But what it does do is make dieting easier.

So, if you're struggling to stick to the acceptable list of Atkins foods, and you don't seem to be able to go even two weeks without cheating, here are 5 fail-proof strategies to help you conquer Phase 1 of the Atkins Diet.

Thursday, August 11, 2016

How to Do the Atkins Induction Diet Correctly

Are you sick and tired of weight-loss diets that promise you'll lose 15 pounds in 2 weeks? 

Are you ready to buckle down and put in the effort it takes to finally get slim and trim? 

If so, the Atkins Diet can help you get there!

From the very first day on Atkins Induction, the name that Dr. Atkins gave to the initial phase of this revolutionary diet program, you'll learn how to make honest-to-goodness healthy food choices that will satisfy your appetite and allow you to start whittling away at those needless excess pounds.

Bacon and 3 Fried Eggs
Atkins Induction is not the whole Atkins Nutritional Approach. Similar to the ketogenic diet that Dr. Walter Lyons Bloom developed in 1972, Induction is only the first phase. If followed correctly, it will help you kick-start your weight-loss efforts and increase your chances of finally gaining complete control over your weight.

Originally, Bloom used his innovative bacon-and-egg diet in a published scientific study that compared fasting to a zero-carb diet. Bloom and colleagues wanted to observe the metabolic changes that occur during the total absence of carbohydrates. 

Bloom's diet consisted of bacon and eggs for breakfast, with meat and salad for both lunch and dinner. 

Nothing more.

Today, the Atkins Induction Diet is far more lenient than its predecessor, due to Dr. Atkins' experiments that he performed on himself. 

Through trial-and-error, Dr. Atkins came up with a realistic weight-loss plan that enabled his patients, and eventually his readers, to personalize the program to fit their tastes, lifestyle, and metabolic individuality. 

Unlike traditional diet programs that tell you exactly what you can and cannot eat, the Atkins Diet allows you to create a personal diet that you can comfortably live with for the rest of your life.

Over the years, the Atkins Nutritional Approach to weight loss has continued to evolve since its humble beginnings in 1972. 

From an Induction Diet that only allowed 2 cups of lettuce, celery, radishes, and cucumber per day to the last version that offered dieters a huge list of acceptable greens, vegetables, and special foods to choose from, Phase 1 of the Atkins Diet continues to encourage lots of healthy choices that were not available in 1972.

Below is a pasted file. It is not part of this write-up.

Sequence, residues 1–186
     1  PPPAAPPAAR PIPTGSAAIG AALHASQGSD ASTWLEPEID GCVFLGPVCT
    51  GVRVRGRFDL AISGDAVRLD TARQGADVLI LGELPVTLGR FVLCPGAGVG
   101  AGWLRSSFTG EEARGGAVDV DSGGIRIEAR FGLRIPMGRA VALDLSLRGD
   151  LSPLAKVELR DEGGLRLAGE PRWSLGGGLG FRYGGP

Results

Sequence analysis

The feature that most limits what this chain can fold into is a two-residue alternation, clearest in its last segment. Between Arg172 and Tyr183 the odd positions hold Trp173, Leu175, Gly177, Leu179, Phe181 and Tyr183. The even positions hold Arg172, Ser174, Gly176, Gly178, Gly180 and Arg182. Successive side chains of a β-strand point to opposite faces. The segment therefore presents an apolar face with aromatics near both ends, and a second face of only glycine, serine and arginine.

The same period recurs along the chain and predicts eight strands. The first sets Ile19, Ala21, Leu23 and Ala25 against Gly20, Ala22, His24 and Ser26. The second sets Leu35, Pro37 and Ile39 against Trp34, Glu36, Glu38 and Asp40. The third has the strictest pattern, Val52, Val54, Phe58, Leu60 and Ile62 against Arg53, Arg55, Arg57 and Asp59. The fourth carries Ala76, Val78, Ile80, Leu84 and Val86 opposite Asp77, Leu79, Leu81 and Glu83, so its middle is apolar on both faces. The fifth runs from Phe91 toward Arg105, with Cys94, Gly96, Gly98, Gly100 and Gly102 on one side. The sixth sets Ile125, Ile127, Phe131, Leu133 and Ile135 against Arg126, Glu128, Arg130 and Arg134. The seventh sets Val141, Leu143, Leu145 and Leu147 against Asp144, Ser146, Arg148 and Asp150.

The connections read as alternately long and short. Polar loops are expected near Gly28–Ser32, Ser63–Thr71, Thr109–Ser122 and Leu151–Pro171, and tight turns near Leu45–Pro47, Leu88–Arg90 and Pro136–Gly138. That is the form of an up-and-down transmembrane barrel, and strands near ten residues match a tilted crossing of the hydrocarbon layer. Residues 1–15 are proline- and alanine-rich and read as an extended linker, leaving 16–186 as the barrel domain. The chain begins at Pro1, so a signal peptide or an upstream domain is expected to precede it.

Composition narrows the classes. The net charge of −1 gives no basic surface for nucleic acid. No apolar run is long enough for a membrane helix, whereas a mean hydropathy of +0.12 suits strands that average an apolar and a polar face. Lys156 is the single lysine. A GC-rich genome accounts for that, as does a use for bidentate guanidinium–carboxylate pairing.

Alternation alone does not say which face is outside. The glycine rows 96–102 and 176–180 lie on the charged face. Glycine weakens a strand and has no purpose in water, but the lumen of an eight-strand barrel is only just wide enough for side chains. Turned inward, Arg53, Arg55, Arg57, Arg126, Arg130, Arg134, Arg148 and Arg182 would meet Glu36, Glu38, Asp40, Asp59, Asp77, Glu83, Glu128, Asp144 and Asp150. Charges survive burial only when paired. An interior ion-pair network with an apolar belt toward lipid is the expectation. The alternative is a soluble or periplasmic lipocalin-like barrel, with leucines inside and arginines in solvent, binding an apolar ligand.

Today's Atkins Induction also has different rules.

Wednesday, August 10, 2016

Ready for Phase 2? Here's How to Do the Real Atkins Diet!

Almond Flour Crust Pizza on a paper plate
Almond Flour Pizza
(Photo: Rusty Clark, CC BY 2.0)
Are you ready to move beyond Atkins Induction to the real honest-to-goodness Atkins Diet?  


You've made a great decision. But first, congratulations on achieving and completing the first phase of the Atkins nutritional approach. I know how hard that was.

Phase 2 will be much easier. It's the space where you start to create your own personalized low-carb diet. To do that, you need to know the best way to transition from a very low-carb diet to a plan that fits your special tastes, activity level, and carbohydrate tolerance but still allows you to lose body fat at an acceptable pace.

What makes the Atkins Diet different from other low-carb programs is the way it builds on the success you experienced during the first 2 to 4 weeks of the diet. By now, you will be deeply into the state of ketosis and your physical appetite will have drastically changed, making it easier to eat at a calorie deficit.

You'll also be predominantly burning fatty acids for fuel, which means you don't have to eat as much protein as you did during the Induction period. The menu I created for one week of Atkins Induction reflected this higher protein intake.

While you still need to eat adequate amounts of protein foods on Phase 2 – about 0.8 grams of protein for each pound of lean body mass you have – you will now have additional delicious low-carb food choices that you can slowly add to your plate.

If you want to one day be a “former” fat person, come along with me and I'll show you how: